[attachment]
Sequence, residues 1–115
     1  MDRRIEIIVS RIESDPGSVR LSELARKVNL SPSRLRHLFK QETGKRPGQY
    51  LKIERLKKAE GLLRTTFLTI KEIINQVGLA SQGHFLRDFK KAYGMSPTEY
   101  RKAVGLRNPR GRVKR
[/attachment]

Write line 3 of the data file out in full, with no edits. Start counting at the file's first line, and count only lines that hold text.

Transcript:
    51  LKIERLKKAE GLLRTTFLTI KEIINQVGLA SQGHFLRDFK KAYGMSPTEY